New Medical Image Viewing and Management Aids Patients and Caregivers

Despite advancements in technology, there are still many hurdles when it comes to accessing and viewing your medical images including CT, MRI, X-ray and ultrasound scans.

Nephosity is one company attempting to bring these walls down, by providing a mobile and web-based platform for patients and their caregivers to manage their medical images securely and efficiently. The platform, called Jack Imaging, is free for patients and caregivers to use and creates the ability to share medical images with doctors, including for second opinions and remote consults.

Take Control of Your Medical Images

To give you an idea of why medical imaging is so complicated (and why you, as the caregiver, often pick up those easy-to-lose CDs), we have created an original chart to illustrate the various stakeholders involved in our healthcare imaging, and how your loved one’s images flow through the system. 

 

For example, when your loved one receives a digital X-ray or MRI, those scans are stored within the picture archiving and communication system (PACS) of that same facility. With this system, your loved one is dependent upon the imaging center as well as his/her doctor (who typically receives a text-only report, stating the findings from the scan) to share the information gleaned in the images. In short, you and your loved one rarely receive the information directly.

In addition, when there is a need to transfer these images (e.g., when you go to a new doctor) or get access to them in the future, it can be a long, complicated process. When images are difficult to access, it impacts the patient—and possibly their caregiver or other advocate—and their ability to have the best possible outcome for their treatment and care.

Modern Medical Image Sharing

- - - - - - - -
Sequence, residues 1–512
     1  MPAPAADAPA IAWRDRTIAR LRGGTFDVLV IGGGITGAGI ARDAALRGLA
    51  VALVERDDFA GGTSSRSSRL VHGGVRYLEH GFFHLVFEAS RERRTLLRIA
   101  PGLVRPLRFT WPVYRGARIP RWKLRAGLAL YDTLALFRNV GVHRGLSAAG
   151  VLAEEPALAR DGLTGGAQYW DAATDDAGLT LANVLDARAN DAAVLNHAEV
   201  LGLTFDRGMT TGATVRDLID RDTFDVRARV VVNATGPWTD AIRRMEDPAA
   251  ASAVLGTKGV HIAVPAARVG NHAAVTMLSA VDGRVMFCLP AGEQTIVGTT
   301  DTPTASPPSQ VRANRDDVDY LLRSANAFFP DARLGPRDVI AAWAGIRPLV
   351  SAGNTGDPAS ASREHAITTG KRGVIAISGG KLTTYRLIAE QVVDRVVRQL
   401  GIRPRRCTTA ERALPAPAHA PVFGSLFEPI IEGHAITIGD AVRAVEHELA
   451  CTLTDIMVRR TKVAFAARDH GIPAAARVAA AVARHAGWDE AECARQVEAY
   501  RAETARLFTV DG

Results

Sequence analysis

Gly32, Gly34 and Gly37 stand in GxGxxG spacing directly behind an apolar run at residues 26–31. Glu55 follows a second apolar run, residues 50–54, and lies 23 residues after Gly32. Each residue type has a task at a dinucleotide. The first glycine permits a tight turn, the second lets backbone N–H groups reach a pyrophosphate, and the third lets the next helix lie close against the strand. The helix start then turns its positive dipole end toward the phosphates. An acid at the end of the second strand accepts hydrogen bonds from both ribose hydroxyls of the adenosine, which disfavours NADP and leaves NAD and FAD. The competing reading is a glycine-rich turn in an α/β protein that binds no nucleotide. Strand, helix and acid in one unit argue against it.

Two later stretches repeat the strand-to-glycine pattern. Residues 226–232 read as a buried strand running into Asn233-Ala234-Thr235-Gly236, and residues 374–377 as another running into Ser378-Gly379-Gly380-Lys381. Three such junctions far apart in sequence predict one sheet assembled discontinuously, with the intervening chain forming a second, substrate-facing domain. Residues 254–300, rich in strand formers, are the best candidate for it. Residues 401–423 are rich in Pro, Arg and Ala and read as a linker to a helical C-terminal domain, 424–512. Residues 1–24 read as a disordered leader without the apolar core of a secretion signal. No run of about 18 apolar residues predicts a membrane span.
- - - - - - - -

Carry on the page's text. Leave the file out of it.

To remedy these issues, Jack Imaging has made images available online to you, anywhere, anytime. All you need to do is upload your images, or ask Jack Imaging to collect your records on your loved one’s behalf. Once your imaging records are loaded, you’re ready to share them with your doctor, ask for a second opinion or even receive a remote consult. You can also easily view our images on your iPad, alongside your doctor, for greatest engagement and understanding of your loved one’s condition. Nephosity received FDA clearance for the iPad last year.

Jack Imaging is a platform for medical image viewing, sharing and collaboration that empowers patients – and you, their caregivers – to take control of their medical images, and save the time and emotional burden of dealing with lost CDs, records, the cost of replacing or retaking medical scans.

Nephosity (the company behind Jack Imaging) was founded with the objective to fix the U.S. healthcare system – beginning with medical imaging. By making images available to patients and their doctors, Nephosity saves time and money for patients, caretakers, doctors and our healthcare system at large. For more information, please visit www.nephosity.com or www.jackimaging.com.

 

 

Resolve to Brush and Floss

So many New Year’s resolutions are tall orders: start a business, lose weight, check an item off your bucket list. Why not give yourself an easy resolution this year? Simply commit to flossing your teeth daily. It sounds funny, but humor can make the lifelong process of oral health a rewarding daily practice. It is essential to establish good daily dental practices that can lead to years of healthy teeth and gums.

smileAs we age, it is more important to take good care of our teeth when there are specific concerns and issues that can arise. For example, many medications can lead to dry mouth which can in turn to lead to faster gum recession which make teeth more susceptible to cavities. Daily brushing and flossing are important and senior dental services can make it easier to keep dental disease at bay. For people who cannot get to the dentist because of decreased mobility and chronic conditions, there are in home options to consider that address the specific dental conditions that come with age.